The strumming of the classical Spanish guitar by Colombian guitarist Nilko Andreas Guarin sounded intricate yet soulful. The relatively sparse guitar, which belied its depth, introduced the “Capricho Arabe,” a showpiece tune by 19th-century Spanish classic guitar master Francisco Tarrega. Combining the emotions of his era’s Romanticist music and the stately style of Spain’s Andalusia region, the piece served to introduce Guarin to his Indonesian audience at Jakarta’s Usmar Ismail Hall during a recital sponsored by the Colombian Embassy last Wednesday.
The veteran musician, whose deft touch with the guitar hit a chord with music buffs in 15 countries, reached out to his audience during the show.
“The “Capricho Arabe” is the epitome of Spanish classical guitar. As such, I’m certain that it will go far to establish common ground [between us],” said Guarin, who has performed at venues like Carnegie Hall in New York City and Wildthurn Castle in Germany.
The taciturn Guarin, whose mastery of classic guitar made him a regular at the annual gala performances held by Spain’s Queen Sofia, preferred to let his hands do the talking as he did his take on Brazilian composer Heitor Villa-Lobos’s “Five Preludes.” Guarin managed to capture the mood of the compositions, starting with the first prelude in E minor. Composed as vignettes of Brazilian life, the pieces started off with restrained passion, before picking up pace and breaking into a graceful flourish.
The deft strings of the second prelude in E minor stayed true to form, designed to ask a lady to dance.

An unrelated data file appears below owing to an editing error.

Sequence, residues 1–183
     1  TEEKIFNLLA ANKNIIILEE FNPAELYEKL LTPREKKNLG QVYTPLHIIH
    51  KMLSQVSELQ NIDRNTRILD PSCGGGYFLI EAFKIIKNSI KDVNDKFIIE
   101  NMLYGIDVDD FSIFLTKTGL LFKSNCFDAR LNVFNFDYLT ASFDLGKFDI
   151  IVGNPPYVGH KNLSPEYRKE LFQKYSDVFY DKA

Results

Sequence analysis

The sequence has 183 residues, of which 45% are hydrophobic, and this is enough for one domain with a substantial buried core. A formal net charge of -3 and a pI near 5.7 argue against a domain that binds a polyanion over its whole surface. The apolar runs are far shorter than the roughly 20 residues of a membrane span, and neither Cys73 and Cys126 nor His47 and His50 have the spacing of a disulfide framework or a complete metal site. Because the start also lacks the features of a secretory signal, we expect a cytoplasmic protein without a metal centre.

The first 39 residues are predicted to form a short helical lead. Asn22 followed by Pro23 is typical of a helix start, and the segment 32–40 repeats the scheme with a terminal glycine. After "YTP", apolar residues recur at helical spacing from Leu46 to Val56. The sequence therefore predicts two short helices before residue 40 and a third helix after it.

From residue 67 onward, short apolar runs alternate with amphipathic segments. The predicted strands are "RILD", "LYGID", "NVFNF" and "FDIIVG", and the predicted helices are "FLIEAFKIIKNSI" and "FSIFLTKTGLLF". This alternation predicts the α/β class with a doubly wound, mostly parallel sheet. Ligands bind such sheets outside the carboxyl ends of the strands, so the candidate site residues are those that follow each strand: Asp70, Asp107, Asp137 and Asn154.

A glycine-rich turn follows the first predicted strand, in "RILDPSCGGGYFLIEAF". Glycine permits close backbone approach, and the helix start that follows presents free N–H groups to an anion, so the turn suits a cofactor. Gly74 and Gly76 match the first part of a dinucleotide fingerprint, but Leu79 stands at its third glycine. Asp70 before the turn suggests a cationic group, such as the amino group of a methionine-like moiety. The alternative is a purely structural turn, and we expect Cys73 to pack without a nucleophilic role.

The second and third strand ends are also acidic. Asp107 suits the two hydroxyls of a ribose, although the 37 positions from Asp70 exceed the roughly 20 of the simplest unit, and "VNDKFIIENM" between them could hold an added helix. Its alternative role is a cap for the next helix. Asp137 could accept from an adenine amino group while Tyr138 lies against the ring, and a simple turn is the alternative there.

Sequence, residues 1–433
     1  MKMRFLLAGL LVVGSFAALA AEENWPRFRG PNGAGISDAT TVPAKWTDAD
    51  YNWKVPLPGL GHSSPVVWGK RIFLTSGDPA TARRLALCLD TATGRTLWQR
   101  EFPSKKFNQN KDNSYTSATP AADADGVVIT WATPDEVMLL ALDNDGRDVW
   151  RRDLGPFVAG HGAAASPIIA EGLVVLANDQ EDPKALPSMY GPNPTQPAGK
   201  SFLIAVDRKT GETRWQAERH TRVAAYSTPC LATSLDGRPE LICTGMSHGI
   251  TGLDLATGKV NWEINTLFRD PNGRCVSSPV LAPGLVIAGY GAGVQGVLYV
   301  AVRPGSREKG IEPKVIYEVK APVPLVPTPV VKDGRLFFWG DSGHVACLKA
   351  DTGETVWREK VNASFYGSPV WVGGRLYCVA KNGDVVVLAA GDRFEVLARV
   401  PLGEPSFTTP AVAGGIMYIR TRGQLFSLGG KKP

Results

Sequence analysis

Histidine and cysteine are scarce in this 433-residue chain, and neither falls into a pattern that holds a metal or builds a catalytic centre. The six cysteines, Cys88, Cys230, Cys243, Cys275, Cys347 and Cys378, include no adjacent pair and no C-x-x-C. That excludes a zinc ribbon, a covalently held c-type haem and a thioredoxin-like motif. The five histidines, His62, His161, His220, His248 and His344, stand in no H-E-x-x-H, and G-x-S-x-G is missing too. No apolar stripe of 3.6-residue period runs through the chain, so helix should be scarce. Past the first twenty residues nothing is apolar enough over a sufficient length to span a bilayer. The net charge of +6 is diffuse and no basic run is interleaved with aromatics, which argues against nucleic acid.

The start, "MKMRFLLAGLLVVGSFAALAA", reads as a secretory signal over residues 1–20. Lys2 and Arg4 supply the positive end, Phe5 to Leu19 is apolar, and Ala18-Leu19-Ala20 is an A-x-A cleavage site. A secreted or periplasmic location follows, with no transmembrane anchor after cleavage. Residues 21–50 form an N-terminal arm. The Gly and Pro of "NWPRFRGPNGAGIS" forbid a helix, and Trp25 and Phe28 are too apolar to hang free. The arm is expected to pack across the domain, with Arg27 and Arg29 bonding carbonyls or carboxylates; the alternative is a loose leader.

As a homage to Johann Sebastian Bach, the third movement in A minor is more structured. However, the fourth movement in E minor and fifth movement in D major featured a more flowing sound. Made as a tribute to Latin America’s native peoples, the former was highlighted by traditional music and rhythms, giving it a natural, organic feel. The fifth prelude rounded out the series due to its inclusive, welcoming tone.
Guarin also hit notes closer to home with compatriot Adolfo Mejia’s piece “Bambuco” in E minor. Named after a dance in Colombia’s Andes Mountains region, the composition again features subdued passions, which were brought to the forefront by the striking flourish at its end. Other compositions celebrating his homeland include Gentil Montana’s “Suite Colombiana No. 2.” Made in four sections, the Suite ranged in sound from the intricate “Pasillo,” which derived its inspiration from traditional Colombian songs as well as the country’s mountains, to the brief, passionate and minuet-like “Guabina Viajera.”
The piece descended into another “Bambuco.” Inspired by the chant of vendors in traditional markets, the piece was designed to interact with the audience by having them imitate the chants. The piece uniquely has guitars take over the percussion usually reserved by drums, before breaking into the porro . The song, from Cartagena and other coastal towns, featured a vibrant, well paced tune to reflect the port town’s vibrant life.
Guarin then slowed the tempo by playing Spanish early 20th-century guitar master Isaac Albeniz’s iconic tune “Asturias” from “Suite Espanola,” as well as the equally contemplative but less well known “Recuerdos de la Alhambra” by Francisco Tarrega. He then brought the show to a close with the tango strains of Roland Dyens’s “Tango In Ski.”
In a nod to the Indonesian public, students from the Colombian Embassy school in Jakarta enlivened the intermission with their take on Aceh’s traditional Saman dance. They stacked up well to the original capturing the dance’s vigorous, rapid movements and deft handling of plates that made the dance the most iconic of its kind.
Guarin piqued the interest of his audience in his premiere show in Jakarta.
“I was initially unfamiliar with classical guitar in both its Spanish or Latin American strains, as I’m more familiar with the symphonic or operatic aspects of classical music,” said Rennie, a music lover in the audience.
“It did take a while to follow along with the music, particularly the first half. However, the high quality of his guitar technique more than made up for it, especially in the more upbeat second half. All in all, [Guarin’s] performance was an eye-opener when it comes to both classical music as well as guitar performances in general.”
Originally published in The Jakarta Globe on December 9, 2013